The building was originally used as a game larder and then a summer house, before being converted into a butterfly house in 1946 based on plans by butterfly expert L Hugh Newman.
The garden team refurbished the butterfly house based on articles written by Newman and held consultations with Defra and Butterfly Conservation before restocking with larvae from locally occurring species.
National Trust nature conservation adviser Matthew Oates said: "Chartwell was way ahead of its time with its focus on making sure that they had a wildlife-friendly garden and it was also a pioneer of butterfly gardening.
"Mixed in with the more formal nature of an English country garden, Churchill insisted that Buddleja and thistles were planted to attract butterflies and insects."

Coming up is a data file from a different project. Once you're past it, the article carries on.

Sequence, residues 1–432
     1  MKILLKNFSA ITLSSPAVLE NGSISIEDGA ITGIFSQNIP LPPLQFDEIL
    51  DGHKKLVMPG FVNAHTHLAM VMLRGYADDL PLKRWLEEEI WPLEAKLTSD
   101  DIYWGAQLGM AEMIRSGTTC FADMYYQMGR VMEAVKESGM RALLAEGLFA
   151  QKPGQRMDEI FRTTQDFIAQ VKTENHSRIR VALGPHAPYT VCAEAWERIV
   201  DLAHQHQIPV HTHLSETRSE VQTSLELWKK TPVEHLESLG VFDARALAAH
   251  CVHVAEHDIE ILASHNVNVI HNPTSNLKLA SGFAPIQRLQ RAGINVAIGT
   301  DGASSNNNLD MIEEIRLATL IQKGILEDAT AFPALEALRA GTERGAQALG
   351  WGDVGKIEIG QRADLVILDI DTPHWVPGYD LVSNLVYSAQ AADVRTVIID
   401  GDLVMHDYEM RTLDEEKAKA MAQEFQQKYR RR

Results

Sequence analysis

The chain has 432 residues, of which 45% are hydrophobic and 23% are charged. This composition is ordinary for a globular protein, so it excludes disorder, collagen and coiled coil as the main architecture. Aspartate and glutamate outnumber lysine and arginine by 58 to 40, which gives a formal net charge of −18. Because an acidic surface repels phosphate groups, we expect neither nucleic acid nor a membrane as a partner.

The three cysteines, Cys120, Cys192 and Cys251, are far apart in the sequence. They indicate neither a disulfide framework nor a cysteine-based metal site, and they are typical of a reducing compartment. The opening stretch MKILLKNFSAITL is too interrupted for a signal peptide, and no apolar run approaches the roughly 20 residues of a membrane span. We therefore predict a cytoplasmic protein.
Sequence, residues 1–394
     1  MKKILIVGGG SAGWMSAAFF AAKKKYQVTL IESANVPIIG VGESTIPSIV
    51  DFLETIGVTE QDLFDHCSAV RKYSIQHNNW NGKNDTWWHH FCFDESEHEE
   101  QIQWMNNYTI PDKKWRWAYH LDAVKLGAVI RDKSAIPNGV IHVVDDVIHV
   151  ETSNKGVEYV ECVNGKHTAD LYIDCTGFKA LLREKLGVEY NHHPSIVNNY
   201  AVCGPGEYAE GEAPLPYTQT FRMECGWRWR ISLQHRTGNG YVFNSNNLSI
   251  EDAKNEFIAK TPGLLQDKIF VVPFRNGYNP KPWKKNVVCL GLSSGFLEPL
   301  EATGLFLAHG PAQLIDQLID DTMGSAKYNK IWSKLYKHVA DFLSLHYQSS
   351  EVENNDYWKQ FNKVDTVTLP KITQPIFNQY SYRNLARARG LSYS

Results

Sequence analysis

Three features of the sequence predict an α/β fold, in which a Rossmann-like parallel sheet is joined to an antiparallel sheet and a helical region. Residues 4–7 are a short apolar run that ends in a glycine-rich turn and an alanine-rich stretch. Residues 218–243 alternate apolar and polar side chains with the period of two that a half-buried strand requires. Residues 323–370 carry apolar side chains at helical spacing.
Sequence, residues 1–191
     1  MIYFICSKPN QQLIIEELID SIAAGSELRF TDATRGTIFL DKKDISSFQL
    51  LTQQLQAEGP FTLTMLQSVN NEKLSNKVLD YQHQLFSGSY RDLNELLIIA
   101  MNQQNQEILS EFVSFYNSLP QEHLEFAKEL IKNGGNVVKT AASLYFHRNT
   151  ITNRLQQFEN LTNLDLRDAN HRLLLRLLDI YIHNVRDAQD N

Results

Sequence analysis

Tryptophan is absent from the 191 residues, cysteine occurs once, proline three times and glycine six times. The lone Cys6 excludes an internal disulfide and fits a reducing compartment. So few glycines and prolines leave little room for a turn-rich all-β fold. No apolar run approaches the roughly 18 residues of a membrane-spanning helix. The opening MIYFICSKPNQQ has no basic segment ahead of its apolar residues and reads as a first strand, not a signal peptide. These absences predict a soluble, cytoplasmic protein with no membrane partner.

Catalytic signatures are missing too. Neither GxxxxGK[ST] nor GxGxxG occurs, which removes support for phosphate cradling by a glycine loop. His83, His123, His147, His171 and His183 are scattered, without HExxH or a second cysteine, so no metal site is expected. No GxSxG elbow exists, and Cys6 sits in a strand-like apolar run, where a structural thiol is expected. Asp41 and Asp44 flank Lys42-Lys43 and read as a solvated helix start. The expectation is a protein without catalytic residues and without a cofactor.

Butterfly Conservation chief executive Dr Martin Warren added: "Many UK butterflies are in dramatic decline and so it is great news that they are thriving at Chartwell this year."
Visitors to Chartwell will be able to view the butterfly house and stroll along the butterfly walk.